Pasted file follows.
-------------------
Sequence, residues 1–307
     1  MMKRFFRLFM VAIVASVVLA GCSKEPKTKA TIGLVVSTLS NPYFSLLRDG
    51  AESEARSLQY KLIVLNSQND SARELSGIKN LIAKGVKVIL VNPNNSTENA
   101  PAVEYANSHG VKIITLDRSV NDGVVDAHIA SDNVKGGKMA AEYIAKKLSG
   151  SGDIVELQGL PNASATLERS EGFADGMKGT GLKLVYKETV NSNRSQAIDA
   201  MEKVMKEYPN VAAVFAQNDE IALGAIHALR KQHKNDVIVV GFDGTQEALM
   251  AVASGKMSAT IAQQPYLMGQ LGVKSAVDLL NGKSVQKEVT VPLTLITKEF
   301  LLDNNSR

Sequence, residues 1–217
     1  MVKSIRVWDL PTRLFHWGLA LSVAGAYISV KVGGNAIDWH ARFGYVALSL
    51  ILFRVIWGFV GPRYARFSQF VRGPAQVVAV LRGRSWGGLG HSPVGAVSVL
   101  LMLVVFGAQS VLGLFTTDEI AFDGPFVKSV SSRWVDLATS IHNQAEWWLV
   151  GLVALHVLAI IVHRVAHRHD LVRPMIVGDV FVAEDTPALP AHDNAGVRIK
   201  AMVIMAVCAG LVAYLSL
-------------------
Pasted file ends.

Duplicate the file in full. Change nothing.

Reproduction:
Sequence, residues 1–307
     1  MMKRFFRLFM VAIVASVVLA GCSKEPKTKA TIGLVVSTLS NPYFSLLRDG
    51  AESEARSLQY KLIVLNSQND SARELSGIKN LIAKGVKVIL VNPNNSTENA
   101  PAVEYANSHG VKIITLDRSV NDGVVDAHIA SDNVKGGKMA AEYIAKKLSG
   151  SGDIVELQGL PNASATLERS EGFADGMKGT GLKLVYKETV NSNRSQAIDA
   201  MEKVMKEYPN VAAVFAQNDE IALGAIHALR KQHKNDVIVV GFDGTQEALM
   251  AVASGKMSAT IAQQPYLMGQ LGVKSAVDLL NGKSVQKEVT VPLTLITKEF
   301  LLDNNSR

Sequence, residues 1–217
     1  MVKSIRVWDL PTRLFHWGLA LSVAGAYISV KVGGNAIDWH ARFGYVALSL
    51  ILFRVIWGFV GPRYARFSQF VRGPAQVVAV LRGRSWGGLG HSPVGAVSVL
   101  LMLVVFGAQS VLGLFTTDEI AFDGPFVKSV SSRWVDLATS IHNQAEWWLV
   151  GLVALHVLAI IVHRVAHRHD LVRPMIVGDV FVAEDTPALP AHDNAGVRIK
   201  AMVIMAVCAG LVAYLSL